Joined by U.S. Sen. Bob Casey Jr., Obama ordered a hot dog, fries and soda — and enough for seven of the accompanying press corps — and the two senators joined a back booth of Blair County women to hear about local needs.
Tommi Burchfield, who has three young children, talked to Obama about his own two daughters, the federal No Child Left Behind Act and the testing it requires for school children.
“I volunteer in the schools,” she said. “I see teachers having to teach to the test. It’s so discouraging.”
They also talked about jobs and how many are leaving Blair County. Burchfield told Obama people want to work and take care of their families.
“It’s not high aspirations here,” she said.
As the director of United Way of Blair County, Burchfield said she tries to tell people that everyone can make a difference.
“He said when people don’t have to worry about health care and have money at the end of the month, they can give back,” she said of Obama’s response.
The Brunhuber family of Altoona finished dinner and was waiting for Obama when he walked through the restaurant.
He signed a notebook page for Noah, 9, the same age as his daughter, Malia.
“Nine’s a really great age,” Obama told Noah. “It’s gonna be a great year.”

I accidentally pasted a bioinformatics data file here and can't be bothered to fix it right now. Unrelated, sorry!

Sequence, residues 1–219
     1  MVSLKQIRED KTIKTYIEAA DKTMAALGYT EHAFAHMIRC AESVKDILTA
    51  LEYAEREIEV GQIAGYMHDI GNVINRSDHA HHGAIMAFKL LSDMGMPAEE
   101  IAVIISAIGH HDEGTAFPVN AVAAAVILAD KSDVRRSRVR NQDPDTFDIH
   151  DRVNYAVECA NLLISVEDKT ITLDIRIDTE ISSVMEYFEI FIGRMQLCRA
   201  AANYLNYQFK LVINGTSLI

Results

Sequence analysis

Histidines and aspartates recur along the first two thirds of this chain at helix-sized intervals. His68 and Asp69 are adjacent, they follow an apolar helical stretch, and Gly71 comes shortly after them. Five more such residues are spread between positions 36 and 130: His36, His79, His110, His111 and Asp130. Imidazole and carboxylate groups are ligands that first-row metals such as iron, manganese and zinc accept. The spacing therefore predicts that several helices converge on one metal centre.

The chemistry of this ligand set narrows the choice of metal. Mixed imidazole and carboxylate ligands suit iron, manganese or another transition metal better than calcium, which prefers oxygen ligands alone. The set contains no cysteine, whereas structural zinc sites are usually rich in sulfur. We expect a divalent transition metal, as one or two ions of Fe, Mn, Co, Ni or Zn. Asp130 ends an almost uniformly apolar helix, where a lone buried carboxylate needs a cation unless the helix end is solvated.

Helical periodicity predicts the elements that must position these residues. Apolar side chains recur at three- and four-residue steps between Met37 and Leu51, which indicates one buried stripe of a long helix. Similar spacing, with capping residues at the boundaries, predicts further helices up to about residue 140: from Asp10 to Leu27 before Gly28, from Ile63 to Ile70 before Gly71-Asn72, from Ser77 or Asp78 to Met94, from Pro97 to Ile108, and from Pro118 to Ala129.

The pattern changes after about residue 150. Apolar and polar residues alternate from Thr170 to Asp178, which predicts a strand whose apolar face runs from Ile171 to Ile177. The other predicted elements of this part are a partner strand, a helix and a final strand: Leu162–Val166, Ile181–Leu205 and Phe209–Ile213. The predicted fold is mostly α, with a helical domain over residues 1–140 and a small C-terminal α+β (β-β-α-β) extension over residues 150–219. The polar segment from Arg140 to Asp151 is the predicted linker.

As Obama posed for pictures later, Noah gave him an “Obama for president” drawing from the same notebook, even using Obama’s campaign logo.
Obama said he would hang it in his bus.
“It’s definitely time for a change,” said Barb Brunhuber, who said the family supports the candidate and “his whole platform.”
Andy Brunhuber, 22, said he really believes Obama has reached out to young voters and said, “Getting out of Iraq” is an important issue for him this election.
About 100 people gathered outside the restaurant behind yellow tape guarded by the Secret Service upon seeing the behemoth buses pull up.
They cheered and held up cameras and cell phones as he came out to shake hands and sign autographs.
Roy Martin of Altoona stopped by the scene while walking home and said he hopes to see presumptive Republican nominee Sen. John McCain stop in Altoona. Martin said he would write to encourage him to do so.
“I already voted for him, absentee,” he said. “He’s gonna be a good man. He’s a prisoner of war, and he’s for the people. He’s my man.”
Mirror Staff Writer Jessica VanderKolk is at 946-7465.
(Mirror photo by Patrick Waksmunski)
U.S. Sen. Bob Casey Jr. watches Obama as he holds a copy of the Mirror before autographing it for Diane L. Hudson of Altoona, whose son may serve a third tour in Iraq.